Meet the hornbill detectives of Malaysia

Great hornbills in a tree in the Belum-Temenggor Forest Complex. The area is recognised as the largest Important Bird and Biodiversity Areas in the northern part of the peninsula, and part of the critical Central Forest Spine. (See more photos in gallery below story.) — YEAP CHIN AIK/Malaysian Nature Society

It's a sunny day in Perak’s Belum-Temenggor Forest Complex as the boat piloted by Roslan Carang, 49, gently skims the emerald green waters of Temenggor Lake. Seated in the bow is Yeap Chin Aik, 46, occasionally bringing a pair of binoculars to his eyes, scanning the multihued semi-deciduous forest surrounding the lake for signs of life.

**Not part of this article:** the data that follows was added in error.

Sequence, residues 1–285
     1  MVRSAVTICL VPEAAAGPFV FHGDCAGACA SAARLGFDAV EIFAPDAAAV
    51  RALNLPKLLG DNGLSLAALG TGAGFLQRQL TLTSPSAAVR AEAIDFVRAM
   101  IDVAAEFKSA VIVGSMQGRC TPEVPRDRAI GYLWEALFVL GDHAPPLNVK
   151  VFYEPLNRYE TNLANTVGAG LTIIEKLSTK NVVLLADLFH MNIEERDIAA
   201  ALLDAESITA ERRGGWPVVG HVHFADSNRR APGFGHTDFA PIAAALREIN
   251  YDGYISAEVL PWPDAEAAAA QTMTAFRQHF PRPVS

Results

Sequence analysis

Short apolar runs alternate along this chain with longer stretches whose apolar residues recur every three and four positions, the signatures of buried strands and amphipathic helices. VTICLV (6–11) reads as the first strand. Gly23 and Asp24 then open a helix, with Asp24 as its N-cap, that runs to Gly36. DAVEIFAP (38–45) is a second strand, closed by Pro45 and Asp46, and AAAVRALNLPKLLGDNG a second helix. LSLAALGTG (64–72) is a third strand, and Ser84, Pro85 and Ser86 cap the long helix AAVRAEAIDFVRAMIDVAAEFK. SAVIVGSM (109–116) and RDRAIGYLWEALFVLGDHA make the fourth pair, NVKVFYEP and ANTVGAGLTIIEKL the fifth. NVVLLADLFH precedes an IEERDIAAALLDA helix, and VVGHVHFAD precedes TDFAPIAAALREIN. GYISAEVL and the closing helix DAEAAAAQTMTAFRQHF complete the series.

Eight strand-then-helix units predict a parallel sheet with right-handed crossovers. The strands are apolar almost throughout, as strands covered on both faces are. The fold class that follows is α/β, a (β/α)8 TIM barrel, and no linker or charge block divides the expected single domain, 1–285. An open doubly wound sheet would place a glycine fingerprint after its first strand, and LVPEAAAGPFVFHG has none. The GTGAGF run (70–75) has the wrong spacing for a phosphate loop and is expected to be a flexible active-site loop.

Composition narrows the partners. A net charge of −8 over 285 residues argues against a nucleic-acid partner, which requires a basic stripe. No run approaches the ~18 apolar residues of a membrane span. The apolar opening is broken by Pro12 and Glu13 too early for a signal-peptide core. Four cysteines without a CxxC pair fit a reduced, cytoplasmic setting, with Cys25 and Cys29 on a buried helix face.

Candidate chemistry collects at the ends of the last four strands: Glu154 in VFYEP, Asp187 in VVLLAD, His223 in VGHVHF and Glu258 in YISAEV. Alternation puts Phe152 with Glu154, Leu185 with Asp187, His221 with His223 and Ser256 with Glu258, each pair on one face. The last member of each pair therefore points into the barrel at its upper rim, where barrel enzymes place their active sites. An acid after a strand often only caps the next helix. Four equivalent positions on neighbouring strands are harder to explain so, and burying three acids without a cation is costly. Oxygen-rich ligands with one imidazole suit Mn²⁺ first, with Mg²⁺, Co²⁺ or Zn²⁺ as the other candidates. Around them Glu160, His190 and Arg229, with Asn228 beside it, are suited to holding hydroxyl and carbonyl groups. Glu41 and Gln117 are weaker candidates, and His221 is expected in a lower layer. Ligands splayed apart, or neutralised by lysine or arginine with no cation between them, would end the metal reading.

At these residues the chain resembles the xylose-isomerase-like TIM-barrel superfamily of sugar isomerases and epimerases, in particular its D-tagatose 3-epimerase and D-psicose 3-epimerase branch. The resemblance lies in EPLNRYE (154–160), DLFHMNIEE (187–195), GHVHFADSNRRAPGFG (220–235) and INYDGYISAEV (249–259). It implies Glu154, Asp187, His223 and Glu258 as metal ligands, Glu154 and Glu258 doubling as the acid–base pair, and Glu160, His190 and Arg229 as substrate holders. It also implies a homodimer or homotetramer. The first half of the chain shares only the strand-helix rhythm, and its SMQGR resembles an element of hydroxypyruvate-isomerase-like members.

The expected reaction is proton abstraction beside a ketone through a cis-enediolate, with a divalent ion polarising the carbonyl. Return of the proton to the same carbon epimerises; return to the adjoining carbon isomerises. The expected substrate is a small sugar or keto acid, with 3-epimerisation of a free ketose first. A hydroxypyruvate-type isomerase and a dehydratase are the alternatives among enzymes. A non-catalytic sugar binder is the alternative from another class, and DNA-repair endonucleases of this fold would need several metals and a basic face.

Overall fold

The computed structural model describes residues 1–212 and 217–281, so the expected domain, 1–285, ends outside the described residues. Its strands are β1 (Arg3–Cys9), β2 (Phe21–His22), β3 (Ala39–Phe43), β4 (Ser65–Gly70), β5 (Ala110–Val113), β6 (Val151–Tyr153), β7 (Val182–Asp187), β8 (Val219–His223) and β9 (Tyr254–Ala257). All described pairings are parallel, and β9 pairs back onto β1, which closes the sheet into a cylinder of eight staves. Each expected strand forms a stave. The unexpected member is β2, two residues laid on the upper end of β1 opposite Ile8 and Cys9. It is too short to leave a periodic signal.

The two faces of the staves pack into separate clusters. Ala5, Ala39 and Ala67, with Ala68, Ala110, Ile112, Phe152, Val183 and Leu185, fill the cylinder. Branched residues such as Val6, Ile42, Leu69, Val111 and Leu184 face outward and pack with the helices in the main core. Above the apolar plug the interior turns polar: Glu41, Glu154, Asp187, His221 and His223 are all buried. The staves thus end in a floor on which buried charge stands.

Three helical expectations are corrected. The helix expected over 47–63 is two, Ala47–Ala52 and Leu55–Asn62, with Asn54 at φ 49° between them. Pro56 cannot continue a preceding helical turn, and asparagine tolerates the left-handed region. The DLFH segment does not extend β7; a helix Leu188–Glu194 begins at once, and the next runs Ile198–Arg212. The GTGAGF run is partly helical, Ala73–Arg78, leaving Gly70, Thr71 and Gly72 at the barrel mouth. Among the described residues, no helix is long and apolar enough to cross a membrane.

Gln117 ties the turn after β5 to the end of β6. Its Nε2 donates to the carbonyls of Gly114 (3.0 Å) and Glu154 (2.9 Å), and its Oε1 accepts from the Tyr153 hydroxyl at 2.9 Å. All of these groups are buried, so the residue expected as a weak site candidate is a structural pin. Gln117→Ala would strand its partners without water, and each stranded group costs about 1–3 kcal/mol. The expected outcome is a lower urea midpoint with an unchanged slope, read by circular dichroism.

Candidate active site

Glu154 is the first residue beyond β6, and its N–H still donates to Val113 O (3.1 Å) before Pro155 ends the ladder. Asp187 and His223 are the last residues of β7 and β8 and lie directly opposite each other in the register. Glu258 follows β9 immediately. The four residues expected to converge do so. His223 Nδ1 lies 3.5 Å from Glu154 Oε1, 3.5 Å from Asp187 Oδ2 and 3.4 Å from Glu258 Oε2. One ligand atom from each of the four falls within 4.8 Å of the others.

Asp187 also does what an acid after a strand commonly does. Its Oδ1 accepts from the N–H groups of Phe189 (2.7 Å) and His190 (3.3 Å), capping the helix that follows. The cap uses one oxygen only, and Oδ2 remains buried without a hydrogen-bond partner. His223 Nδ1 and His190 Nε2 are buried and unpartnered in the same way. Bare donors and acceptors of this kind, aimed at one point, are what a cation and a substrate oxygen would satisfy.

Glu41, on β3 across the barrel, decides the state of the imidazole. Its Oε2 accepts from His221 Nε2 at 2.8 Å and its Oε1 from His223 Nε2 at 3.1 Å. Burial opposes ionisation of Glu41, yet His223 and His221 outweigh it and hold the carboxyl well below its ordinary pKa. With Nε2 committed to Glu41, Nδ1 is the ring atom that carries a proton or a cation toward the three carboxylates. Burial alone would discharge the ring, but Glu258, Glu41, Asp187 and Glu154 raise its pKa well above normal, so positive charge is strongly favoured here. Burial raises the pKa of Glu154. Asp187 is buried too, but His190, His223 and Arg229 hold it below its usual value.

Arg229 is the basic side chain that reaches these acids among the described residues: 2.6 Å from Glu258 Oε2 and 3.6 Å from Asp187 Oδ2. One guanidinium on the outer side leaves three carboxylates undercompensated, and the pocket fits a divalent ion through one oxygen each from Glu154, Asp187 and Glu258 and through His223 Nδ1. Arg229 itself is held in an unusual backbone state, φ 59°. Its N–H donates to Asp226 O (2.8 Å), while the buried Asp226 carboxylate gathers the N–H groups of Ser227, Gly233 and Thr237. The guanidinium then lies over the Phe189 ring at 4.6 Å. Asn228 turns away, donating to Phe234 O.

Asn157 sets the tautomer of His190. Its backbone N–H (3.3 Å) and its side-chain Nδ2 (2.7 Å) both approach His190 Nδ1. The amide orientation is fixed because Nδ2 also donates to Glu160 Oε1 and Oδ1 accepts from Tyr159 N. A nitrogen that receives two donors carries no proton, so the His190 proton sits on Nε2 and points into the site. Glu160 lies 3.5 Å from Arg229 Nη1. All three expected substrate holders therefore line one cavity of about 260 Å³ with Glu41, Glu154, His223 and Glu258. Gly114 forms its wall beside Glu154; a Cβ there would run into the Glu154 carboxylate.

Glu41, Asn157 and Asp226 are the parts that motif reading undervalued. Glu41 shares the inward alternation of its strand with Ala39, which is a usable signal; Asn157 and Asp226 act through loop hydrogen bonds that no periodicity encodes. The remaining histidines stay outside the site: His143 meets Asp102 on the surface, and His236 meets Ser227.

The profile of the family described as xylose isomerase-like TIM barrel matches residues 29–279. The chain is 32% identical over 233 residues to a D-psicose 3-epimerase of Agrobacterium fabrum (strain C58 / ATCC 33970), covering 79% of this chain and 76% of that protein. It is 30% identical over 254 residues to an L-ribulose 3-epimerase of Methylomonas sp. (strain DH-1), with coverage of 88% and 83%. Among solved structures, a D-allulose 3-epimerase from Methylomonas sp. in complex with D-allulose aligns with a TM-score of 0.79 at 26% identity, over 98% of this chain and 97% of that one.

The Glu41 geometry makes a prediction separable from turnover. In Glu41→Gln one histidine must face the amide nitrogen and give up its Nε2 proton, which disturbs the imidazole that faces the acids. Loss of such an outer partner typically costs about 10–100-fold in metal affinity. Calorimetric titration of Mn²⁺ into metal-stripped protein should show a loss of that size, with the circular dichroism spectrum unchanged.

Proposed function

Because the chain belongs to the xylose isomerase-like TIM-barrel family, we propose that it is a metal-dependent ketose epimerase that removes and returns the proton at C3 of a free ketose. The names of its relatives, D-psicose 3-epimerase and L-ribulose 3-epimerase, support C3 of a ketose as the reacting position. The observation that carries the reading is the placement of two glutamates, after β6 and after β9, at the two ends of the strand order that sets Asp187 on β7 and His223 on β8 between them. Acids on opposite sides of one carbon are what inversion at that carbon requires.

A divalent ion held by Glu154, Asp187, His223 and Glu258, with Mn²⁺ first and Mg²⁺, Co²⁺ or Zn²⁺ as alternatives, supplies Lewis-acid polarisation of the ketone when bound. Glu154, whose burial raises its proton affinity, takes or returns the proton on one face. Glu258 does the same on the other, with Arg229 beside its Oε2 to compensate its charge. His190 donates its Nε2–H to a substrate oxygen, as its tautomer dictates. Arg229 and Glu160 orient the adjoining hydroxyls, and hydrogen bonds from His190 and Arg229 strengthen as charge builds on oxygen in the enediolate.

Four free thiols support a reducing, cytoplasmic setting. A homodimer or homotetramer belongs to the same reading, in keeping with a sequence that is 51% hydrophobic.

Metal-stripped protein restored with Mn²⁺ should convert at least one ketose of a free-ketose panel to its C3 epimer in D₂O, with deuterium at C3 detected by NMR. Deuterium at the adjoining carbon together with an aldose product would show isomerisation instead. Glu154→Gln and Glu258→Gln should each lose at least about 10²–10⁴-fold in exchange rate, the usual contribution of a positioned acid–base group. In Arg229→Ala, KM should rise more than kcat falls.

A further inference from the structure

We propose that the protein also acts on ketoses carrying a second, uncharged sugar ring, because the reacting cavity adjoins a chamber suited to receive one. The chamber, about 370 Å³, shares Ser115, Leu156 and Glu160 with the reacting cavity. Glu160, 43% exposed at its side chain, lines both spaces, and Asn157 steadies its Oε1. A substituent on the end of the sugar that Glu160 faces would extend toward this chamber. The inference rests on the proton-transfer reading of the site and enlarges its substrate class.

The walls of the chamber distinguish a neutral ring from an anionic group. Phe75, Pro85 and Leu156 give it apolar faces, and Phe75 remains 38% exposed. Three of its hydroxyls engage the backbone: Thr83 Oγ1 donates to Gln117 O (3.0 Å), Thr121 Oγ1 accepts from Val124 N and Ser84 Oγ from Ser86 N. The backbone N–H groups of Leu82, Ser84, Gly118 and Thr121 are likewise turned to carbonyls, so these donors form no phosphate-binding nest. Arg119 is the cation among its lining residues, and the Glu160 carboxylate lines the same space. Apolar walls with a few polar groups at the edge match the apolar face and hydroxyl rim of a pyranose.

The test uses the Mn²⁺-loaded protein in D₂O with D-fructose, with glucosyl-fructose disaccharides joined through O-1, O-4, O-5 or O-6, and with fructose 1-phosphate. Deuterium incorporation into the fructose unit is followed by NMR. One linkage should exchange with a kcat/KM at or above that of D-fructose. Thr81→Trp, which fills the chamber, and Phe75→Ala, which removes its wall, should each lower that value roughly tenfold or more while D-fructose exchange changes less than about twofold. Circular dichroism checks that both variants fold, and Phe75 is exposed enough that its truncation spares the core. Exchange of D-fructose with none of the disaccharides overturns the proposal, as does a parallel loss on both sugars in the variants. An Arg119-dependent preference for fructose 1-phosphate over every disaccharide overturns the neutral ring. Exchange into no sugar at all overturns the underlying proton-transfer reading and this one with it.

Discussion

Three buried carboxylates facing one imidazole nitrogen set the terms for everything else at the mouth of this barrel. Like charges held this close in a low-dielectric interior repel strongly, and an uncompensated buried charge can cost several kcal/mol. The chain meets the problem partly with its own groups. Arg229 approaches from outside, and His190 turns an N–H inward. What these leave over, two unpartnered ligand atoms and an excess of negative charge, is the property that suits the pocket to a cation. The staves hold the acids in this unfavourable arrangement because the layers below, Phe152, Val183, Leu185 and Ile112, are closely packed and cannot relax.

Rich in flora and fauna biodiversity, the 339,143ha forest complex – 4.6 times the size of Singapore – is recognised as the largest Important Bird and Biodiversity Area in the northern part of the peninsula, and is part of the vitally important Central Forest Spine.

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